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Updated: 1 hour 16 min ago

'The Friend' Is No Shaggy Dog Story

Tue, 01/23/2018 - 6:01am

Sigrid Nunez's new novel follows a woman mourning the suicide of a close friend, mentor and fellow writer — and the upheaval after she reluctantly takes in his huge, bereft (and smelly) Great Dane.

(Image credit: Eslah Attar/NPR)

Alan Alda Wants Us To Have Better Conversations

Mon, 01/22/2018 - 8:00pm

We've all experienced miscommunications. Their consequences can range from hilarious... to disastrous. The actor Alan Alda — yes, that Alan Alda — wants to help us avoid them.

(Image credit: Jhon Ochoa, Photo-illustration: Renee Klahr/NPR)

These Movies Once Had Oscar Buzz But Lost It

Mon, 01/22/2018 - 3:20pm

The Oscar nominations come out tomorrow — and there are plenty of movies that won't make the cut. NPR's Kelly McEvers talks with entertainment reporter Joe Reid about 2017's top movies that once had Oscar buzz but lost it.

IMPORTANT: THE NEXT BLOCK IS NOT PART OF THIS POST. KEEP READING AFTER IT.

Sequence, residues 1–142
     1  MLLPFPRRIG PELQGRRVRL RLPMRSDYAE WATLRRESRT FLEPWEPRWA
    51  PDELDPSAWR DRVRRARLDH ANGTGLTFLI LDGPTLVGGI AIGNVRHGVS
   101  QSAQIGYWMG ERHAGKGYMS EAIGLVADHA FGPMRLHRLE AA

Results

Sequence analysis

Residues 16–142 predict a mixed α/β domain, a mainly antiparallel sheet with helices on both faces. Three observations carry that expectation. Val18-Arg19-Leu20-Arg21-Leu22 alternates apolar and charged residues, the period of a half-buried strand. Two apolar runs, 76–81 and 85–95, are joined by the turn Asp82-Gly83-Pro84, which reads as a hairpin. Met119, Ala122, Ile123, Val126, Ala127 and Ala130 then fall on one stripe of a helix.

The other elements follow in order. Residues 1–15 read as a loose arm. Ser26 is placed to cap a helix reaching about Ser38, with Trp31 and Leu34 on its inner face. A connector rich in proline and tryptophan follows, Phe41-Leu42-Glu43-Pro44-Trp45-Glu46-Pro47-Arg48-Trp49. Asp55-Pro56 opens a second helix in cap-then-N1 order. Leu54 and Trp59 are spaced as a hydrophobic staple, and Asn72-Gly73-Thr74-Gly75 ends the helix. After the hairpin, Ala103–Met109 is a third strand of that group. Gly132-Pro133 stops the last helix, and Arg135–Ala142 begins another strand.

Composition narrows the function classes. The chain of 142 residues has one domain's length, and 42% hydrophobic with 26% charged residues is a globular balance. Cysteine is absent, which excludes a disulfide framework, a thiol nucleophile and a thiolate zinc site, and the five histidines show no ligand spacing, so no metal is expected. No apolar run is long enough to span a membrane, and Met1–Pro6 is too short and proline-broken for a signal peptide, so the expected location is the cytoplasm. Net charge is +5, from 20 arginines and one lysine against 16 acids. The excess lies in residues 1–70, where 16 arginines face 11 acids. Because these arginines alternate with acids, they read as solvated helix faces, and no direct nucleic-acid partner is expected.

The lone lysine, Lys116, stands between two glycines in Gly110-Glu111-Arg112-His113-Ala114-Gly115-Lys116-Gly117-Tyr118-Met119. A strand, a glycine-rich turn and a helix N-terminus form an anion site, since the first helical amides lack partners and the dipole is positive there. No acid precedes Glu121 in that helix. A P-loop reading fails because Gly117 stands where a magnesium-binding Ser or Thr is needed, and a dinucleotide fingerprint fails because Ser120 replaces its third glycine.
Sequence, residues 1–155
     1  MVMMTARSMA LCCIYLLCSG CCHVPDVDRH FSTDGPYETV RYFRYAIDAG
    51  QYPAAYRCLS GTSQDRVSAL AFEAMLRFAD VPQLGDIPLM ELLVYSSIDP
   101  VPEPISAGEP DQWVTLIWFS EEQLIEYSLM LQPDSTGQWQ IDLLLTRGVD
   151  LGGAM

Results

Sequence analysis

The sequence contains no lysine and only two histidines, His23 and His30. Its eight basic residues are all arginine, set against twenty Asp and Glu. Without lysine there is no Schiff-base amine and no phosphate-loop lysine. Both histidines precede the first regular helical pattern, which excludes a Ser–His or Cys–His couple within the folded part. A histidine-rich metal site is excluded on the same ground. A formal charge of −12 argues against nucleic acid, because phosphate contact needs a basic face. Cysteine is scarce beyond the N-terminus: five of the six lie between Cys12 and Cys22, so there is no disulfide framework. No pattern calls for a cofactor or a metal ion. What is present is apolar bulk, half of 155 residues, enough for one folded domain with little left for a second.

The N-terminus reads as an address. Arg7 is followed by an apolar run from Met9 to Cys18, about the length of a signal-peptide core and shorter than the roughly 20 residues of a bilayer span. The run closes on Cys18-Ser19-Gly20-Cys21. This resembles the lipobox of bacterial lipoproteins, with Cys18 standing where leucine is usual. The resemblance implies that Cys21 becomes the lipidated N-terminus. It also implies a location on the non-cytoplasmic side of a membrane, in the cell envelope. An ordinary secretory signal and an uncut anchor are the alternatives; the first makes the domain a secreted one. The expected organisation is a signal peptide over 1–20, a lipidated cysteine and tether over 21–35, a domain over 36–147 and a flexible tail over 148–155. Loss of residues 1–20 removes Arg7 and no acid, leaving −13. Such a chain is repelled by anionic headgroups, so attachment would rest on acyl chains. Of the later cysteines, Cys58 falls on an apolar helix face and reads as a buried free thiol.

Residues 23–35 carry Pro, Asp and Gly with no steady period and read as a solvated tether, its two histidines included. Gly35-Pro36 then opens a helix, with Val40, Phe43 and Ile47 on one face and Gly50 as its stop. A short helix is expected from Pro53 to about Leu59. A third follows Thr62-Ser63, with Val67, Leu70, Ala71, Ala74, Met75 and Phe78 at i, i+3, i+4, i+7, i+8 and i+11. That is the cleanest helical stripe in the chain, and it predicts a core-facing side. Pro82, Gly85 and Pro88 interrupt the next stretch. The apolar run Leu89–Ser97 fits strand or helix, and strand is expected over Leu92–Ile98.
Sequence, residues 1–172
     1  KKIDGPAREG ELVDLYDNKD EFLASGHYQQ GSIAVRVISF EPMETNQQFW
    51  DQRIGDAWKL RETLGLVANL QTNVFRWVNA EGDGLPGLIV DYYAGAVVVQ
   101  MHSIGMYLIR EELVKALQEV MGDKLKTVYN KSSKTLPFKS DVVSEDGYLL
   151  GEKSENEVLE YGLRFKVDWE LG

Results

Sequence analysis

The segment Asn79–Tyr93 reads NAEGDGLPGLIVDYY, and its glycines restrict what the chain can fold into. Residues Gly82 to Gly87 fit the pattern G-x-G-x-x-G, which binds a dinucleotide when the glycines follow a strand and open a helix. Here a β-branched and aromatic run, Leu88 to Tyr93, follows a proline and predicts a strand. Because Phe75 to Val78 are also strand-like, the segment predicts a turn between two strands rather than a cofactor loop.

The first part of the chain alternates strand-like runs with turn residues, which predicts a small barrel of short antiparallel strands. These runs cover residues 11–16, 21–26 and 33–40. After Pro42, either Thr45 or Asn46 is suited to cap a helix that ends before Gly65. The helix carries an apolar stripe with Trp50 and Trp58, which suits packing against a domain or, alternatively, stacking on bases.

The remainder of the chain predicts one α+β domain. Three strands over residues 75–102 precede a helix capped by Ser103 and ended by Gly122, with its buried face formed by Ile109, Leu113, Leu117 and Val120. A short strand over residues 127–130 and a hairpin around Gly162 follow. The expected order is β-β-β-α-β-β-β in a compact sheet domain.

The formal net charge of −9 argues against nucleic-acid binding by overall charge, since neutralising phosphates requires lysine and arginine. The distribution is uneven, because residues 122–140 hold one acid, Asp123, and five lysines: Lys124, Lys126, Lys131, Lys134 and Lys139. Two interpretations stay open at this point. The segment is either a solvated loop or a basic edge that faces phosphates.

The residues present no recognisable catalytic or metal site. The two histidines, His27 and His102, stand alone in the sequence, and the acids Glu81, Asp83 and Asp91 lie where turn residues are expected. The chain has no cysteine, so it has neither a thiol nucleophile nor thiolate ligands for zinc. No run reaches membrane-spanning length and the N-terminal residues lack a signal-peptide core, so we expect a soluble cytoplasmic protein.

Why TSA Officers Are Happy About The 'Get Out' Oscar Nomination

Mon, 01/22/2018 - 3:20pm

The hit film Get Out may be the first horror film to get a Best Picture Oscar nomination since The Silence of the Lambs. A TSA officer plays a prominent --and positive — role in the movie. After years of being mocked, real TSA agents are delighted.

'How Democracies Die' Authors Say Trump Is A Symptom Of 'Deeper Problems'

Mon, 01/22/2018 - 12:25pm

Harvard professors Steven Levitsky and Daniel Ziblatt are experts in what makes democracies healthy — and what leads to their collapse. They warn that American democracy is in trouble.

'The Perfect Nanny' Is The Working Mother's Murderous Nightmare

Mon, 01/22/2018 - 11:31am

Leila Slimani's taut new novel centers on a nanny who kills her two young charges. Critic Maureen Corrigan says despite its retrograde message, The Perfect Nanny is a guilty pleasure.

(Image credit: Eslah Attar/NPR)

Ten Years After The Rising, 'Iron Gold' Asks: What Now?

Sun, 01/21/2018 - 6:00am